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Olympus E-M10 II vs Sony A6300

The Olympus OM-D E-M10 Mark II and the Sony Alpha A6300 are two digital cameras that were announced, respectively, in August 2015 and February 2016. Both the E-M10 II and the A6300 are mirrorless interchangeable lens cameras that are based on a Four Thirds (E-M10 II) and an APS-C (A6300) sensor. The Olympus has a resolution of 15.9 megapixels, whereas the Sony provides 24 MP.

Below is an overview of the main specs of the two cameras as a starting point for the comparison.

Headline Specifications
Olympus E-M10 II   Sony A6300
Olympus E-M10 II Sony A6300
Mirrorless system camera Mirrorless system camera
Micro Four Thirds lenses Sony E mount lenses
15.9 MP, Four Thirds Sensor 24 MP, APS-C Sensor
1080/60p Video 4K/30p Video
ISO 200-25600 ISO 100-25600 (100-51200)
Electronic viewfinder (2360k dots) Electronic viewfinder (2359k dots)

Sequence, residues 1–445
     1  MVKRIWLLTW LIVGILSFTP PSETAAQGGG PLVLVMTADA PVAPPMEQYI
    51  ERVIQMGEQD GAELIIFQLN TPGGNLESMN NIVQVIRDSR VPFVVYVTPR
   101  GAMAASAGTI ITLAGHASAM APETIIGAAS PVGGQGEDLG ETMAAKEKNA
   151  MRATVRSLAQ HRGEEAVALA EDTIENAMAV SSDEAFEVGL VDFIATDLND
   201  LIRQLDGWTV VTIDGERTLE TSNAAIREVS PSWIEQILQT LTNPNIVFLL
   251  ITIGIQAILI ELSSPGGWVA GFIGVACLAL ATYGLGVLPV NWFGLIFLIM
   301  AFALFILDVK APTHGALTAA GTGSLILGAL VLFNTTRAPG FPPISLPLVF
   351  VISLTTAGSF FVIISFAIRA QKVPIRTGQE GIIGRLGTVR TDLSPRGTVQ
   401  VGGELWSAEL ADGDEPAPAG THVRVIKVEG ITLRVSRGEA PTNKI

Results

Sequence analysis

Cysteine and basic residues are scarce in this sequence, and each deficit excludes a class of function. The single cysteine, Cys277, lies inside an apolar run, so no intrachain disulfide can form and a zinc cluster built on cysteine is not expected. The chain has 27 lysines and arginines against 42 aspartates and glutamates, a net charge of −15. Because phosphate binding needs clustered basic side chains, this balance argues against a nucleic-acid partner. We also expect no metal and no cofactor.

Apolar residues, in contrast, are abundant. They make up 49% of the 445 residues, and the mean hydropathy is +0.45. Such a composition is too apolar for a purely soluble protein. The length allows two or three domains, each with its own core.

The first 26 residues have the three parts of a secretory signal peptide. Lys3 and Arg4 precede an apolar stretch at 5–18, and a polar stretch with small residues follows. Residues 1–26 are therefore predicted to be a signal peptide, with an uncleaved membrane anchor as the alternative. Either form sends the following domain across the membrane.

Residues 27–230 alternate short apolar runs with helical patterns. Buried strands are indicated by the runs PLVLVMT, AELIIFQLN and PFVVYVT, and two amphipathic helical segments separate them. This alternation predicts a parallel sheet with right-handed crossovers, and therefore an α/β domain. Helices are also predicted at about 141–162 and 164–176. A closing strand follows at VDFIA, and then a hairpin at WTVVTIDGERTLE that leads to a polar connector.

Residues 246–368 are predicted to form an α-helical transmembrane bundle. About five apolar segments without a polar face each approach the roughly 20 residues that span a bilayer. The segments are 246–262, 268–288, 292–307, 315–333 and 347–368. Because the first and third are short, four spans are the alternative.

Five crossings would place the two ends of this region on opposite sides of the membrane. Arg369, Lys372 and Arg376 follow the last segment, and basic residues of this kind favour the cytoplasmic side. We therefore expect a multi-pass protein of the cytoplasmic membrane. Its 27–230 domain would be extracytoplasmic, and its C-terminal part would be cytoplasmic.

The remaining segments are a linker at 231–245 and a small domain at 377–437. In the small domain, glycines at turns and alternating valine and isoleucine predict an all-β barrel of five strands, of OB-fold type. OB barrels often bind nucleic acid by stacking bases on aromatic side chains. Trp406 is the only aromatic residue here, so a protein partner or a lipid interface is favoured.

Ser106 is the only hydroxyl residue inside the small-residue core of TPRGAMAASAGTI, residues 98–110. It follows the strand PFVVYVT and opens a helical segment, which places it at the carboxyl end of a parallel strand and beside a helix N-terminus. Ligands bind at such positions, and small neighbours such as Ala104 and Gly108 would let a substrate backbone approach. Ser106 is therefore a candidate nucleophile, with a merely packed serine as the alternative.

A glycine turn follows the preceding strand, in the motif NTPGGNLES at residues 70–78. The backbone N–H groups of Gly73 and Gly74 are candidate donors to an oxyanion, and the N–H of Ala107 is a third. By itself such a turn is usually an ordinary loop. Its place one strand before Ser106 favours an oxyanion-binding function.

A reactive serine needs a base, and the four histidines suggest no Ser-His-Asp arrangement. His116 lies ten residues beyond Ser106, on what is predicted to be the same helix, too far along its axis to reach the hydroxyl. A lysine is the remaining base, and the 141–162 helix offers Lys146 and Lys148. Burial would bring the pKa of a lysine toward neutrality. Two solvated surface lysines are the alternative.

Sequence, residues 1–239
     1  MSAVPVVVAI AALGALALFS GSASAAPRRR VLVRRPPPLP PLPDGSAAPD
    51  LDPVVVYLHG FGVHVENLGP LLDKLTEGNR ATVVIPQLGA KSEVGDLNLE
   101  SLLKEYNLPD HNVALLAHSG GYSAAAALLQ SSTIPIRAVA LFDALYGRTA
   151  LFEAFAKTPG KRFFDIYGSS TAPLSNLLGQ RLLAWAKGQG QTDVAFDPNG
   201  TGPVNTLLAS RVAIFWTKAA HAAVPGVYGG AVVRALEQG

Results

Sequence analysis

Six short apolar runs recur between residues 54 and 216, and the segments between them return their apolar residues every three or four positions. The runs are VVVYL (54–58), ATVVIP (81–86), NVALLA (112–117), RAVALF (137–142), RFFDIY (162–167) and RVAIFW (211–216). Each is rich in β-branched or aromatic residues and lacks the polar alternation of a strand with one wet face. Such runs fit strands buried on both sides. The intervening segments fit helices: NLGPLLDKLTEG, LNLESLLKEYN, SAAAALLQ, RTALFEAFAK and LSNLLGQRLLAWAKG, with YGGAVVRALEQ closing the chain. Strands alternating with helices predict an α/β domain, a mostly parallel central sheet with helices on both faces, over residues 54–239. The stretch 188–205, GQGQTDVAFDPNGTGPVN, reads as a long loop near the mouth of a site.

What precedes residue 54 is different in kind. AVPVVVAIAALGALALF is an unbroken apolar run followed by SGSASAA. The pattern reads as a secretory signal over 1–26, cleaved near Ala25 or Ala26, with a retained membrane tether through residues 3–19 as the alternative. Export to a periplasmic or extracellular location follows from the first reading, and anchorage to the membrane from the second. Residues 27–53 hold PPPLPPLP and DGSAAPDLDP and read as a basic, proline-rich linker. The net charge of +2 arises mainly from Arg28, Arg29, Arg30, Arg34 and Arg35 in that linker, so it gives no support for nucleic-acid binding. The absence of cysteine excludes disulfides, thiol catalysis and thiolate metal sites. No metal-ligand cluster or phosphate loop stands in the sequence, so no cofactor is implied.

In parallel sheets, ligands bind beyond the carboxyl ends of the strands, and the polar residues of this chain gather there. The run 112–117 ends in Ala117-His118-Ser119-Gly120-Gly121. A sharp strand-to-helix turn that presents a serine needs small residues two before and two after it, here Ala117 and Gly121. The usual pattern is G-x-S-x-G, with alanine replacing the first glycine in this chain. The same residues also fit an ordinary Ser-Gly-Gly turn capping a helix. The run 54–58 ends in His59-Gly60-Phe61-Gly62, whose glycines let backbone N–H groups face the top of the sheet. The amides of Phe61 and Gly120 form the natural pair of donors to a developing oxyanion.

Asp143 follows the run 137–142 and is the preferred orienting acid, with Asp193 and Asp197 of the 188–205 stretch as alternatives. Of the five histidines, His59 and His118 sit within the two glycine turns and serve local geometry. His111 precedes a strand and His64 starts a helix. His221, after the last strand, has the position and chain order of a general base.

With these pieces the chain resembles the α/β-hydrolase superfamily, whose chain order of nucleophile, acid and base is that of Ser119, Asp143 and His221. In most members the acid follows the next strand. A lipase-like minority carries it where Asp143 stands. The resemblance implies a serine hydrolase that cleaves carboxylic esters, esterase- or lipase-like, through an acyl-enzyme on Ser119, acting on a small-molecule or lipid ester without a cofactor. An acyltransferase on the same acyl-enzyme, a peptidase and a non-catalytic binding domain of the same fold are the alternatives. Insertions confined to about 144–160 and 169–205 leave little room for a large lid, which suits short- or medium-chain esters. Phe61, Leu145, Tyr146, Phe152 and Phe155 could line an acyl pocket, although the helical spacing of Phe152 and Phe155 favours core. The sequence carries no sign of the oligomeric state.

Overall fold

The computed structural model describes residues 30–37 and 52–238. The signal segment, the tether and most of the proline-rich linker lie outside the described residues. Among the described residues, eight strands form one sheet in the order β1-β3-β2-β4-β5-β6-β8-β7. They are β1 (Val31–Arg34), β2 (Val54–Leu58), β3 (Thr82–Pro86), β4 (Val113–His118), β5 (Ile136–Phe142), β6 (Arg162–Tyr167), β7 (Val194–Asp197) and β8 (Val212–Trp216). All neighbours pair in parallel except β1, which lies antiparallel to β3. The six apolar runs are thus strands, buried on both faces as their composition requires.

3.0" LCD, 1040k dots 3.0" LCD, 922k dots
Tilting touchscreen Tilting screen (not touch-sensitive)
8 shutter flaps per second 11 shutter flaps per second
In-body stabilizationLens stabilization only
Not weather sealedWeathersealed body
320 shots per battery charge400 shots per battery charge
120 x 83 x 47 mm, 390 g 120 x 67 x 49 mm, 404 g

Going beyond this snapshot of core features and characteristics, what are the differences between the Olympus OM-D E-M10 Mark II and the Sony Alpha A6300? Which one should you buy? Read on to find out how these two cameras compare with respect to their body size, their imaging sensors, their shooting features, their input-output connections, and their reception by expert reviewers.

Body comparison: Olympus E-M10 II vs Sony A6300

An illustration of the physical size and weight of the Olympus E-M10 II and the Sony A6300 is provided in the side-by-side display below. The two cameras are presented according to their relative size. Three consecutive views from the front, the top, and the rear side are shown. All width, height and depth measures are rounded to the nearest millimeter.